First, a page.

Rail lines that carry little traffic are often built with a single track used by trains in both directions; on rail lines like these, "crossovers", "passing loops" or "passing sidings", which consist of short stretches of double track, are provided along the line to allow trains to pass each other, and travel in opposite directions.
Rail transport - definition of Rail transport in Encyclopedia (1538 words)
Rail transport is one of the most energy efficient means of mechanised land transport known.
Rail transport is also one of the safest modes of transport, and also makes a highly efficient use of space: a double tracked rail line can carry more passengers or freight in a given amount of time than a four-laned road.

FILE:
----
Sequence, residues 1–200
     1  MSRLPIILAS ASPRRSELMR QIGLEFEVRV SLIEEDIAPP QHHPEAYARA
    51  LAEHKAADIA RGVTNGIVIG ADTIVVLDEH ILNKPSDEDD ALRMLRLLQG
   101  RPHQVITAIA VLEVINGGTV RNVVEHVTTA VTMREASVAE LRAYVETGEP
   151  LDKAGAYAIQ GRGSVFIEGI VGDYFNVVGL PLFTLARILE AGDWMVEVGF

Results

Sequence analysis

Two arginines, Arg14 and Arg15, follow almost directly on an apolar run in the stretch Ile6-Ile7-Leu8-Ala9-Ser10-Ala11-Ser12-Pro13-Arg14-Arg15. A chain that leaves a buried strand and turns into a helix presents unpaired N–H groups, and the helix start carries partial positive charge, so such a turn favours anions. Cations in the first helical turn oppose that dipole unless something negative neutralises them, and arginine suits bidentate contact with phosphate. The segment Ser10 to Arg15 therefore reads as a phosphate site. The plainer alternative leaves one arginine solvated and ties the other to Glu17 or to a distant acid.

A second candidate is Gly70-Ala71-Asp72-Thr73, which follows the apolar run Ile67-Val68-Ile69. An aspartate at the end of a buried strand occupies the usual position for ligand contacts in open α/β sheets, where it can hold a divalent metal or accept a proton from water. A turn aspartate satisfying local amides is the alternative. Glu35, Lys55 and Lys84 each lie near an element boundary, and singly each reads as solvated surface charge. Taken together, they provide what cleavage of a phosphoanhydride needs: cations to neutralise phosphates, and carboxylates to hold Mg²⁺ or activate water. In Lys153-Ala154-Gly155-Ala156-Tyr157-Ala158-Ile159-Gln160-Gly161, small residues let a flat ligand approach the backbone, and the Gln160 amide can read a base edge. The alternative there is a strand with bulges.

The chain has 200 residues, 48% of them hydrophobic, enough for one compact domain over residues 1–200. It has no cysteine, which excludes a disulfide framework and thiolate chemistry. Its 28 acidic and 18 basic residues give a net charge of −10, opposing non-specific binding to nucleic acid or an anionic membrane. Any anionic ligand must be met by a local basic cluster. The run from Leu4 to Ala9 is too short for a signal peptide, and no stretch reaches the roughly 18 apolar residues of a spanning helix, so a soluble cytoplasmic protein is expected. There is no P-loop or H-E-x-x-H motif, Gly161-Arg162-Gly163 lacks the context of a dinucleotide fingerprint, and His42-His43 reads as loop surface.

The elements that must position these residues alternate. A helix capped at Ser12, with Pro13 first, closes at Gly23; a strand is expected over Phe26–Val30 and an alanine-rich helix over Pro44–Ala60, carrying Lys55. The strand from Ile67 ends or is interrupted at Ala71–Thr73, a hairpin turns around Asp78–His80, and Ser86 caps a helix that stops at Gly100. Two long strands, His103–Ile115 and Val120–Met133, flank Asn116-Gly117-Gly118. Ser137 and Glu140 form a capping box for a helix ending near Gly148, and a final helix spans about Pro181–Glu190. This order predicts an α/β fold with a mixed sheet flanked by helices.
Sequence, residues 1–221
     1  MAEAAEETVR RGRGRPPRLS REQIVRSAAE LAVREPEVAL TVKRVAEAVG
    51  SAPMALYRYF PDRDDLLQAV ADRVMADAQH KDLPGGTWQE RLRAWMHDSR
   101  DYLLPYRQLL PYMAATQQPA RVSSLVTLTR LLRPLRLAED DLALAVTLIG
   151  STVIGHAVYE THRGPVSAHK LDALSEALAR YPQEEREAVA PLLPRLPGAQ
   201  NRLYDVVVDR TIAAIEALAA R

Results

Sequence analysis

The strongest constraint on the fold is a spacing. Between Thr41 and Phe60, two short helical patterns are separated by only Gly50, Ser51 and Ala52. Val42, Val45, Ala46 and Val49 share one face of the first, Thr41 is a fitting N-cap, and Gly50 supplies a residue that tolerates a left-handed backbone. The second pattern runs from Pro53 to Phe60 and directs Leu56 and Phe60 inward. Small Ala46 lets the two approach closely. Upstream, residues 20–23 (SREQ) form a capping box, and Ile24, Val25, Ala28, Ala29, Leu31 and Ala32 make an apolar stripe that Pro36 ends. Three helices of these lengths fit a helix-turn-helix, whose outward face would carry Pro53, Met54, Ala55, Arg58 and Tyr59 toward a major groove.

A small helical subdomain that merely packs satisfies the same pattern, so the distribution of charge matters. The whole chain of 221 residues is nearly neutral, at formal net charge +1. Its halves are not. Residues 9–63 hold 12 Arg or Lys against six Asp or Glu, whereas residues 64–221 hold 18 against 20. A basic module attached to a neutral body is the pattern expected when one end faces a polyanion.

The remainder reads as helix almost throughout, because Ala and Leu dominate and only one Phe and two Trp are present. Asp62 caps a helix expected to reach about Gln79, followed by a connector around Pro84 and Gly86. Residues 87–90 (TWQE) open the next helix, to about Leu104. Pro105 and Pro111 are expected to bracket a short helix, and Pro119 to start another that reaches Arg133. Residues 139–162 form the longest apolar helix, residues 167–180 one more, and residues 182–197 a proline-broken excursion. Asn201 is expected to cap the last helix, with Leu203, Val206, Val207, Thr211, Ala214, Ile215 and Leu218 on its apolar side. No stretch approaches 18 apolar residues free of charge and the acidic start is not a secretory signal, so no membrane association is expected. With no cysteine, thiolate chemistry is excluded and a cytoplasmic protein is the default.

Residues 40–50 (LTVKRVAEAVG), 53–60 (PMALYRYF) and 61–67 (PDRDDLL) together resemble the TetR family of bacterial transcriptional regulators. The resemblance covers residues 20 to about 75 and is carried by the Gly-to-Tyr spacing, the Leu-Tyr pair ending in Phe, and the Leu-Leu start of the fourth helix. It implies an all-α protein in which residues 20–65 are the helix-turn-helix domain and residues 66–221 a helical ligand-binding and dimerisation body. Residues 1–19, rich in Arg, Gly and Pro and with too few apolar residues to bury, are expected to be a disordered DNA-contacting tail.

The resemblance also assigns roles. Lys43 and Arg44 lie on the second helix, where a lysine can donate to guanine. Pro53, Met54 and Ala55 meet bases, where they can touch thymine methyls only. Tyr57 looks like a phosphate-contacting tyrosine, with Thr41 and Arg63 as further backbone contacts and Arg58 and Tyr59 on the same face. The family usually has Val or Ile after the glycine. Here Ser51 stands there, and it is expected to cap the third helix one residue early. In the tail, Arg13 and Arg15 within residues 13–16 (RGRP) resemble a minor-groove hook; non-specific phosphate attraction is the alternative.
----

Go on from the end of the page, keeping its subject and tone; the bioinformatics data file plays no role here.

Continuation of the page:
In the late 18th century iron rails began to appear: British civil engineer William Jessop designed edge rails to be used with flanged wheels for use on a scheme in Loughborough, Leicestershire (in 1789 and subsequently opened an iron-works to produce more rails).
  More results at FactBites »